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In a linear regression analysis,

Â the accuracy of the model is assessed by the mean square error, or MSE,

Â which is the difference between the model estimated value of a response

Â variable denoted as Y hat, and the observed value of the Y response variable.

Â This difference is computed for each observation, where each

Â observation is denoted by the i subscript, and then the difference is squared.

Â Finally, the squared errors for all the observations are summed, then divided by

Â n, the number of observations, to get the mean square error.

Â There are two characteristics that we need to consider when selecting an accurate

Â statistical model, their variance and bias.

Â Variance refers to the amount by which the model parameter estimates would change

Â if we estimated them using a different training dataset.

Â If a method has high variance, then small changes in the training data can

Â result in large changes in the parameter estimates.

Â Ideally, the parameter estimates are stable across data sets

Â meaning that the method has low variance.

Â Bias refers to the error that is introduced by using a statistical model

Â to approximate a real life phenomenon.

Â It is a measure of how far off the model estimated values are from the true values.

Â For example, we might use a statistical model to try to predict whether or

Â not a person will become nicotine dependent.

Â In reality, there are lots of factors that lead to nicotine dependence.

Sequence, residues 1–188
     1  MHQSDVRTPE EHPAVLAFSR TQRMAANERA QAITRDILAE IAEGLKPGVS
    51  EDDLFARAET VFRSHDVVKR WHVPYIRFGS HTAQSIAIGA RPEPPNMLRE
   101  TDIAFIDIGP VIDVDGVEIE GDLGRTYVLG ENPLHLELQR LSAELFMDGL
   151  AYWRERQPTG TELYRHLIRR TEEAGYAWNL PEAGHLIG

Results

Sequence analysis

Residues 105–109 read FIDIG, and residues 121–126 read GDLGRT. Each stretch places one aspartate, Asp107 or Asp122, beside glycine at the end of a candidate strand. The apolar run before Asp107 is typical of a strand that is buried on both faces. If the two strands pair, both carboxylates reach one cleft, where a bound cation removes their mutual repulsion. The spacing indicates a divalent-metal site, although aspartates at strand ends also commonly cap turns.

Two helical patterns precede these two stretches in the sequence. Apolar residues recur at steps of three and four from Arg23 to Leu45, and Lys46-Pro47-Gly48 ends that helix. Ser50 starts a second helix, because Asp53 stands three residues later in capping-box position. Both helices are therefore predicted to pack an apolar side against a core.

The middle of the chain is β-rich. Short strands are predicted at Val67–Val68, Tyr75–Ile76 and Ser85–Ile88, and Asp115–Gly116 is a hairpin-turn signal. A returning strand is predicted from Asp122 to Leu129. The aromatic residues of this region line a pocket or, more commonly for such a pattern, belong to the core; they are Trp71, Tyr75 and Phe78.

Â Whether or not a person becomes nicotine dependent depends on a complex

Â interplay of multiple factors like genetics, behavior, attitudes, and so on.

Â By comparison, the statistical models we developed to estimate nicotine dependence

Â are very simple, and as a result they don't fully capture this complexity.

Â This in turn leads to biased parameter estimates.

Â What we would like to do is find a statistical model that

Â has both low variance and low bias.

Â The problem is that these two properties are negatively associated.

Â Increases in one result in decreases in the other, hence the bias,

Â variance trade-off.

Â Generally as model complexity increases,

Â the variance tends to increase, and bias tends to decrease.

Â Simpler models will be more stable across samples, meaning that they will have low

Â variance, but they are also likely to be more biased.

Â In this figure, you can see an example of a simple model and

Â a complex model fit on a training data set.

Â In the complex model on the right,

Â the observed values are all very close to the estimated regression line.

Â So the error rate is low, meaning that bias is low.

Â However, more complex models attempt to capture every pattern in the training

Â data set even those that occur by chance.

Â The chance patterns are specific to the sample on which the model is fit and

Â are not likely to exist in the test data set.

Â As a result, the model will not fit as well in the test data set

Â which means that the test error rate will be high in the test data set.

Â When a model has a small training mean square error but

Â a large test mean square error, the model is said to be overfitted.

Â When we overfit the training data,

Â the test mean square error will be very large because the patterns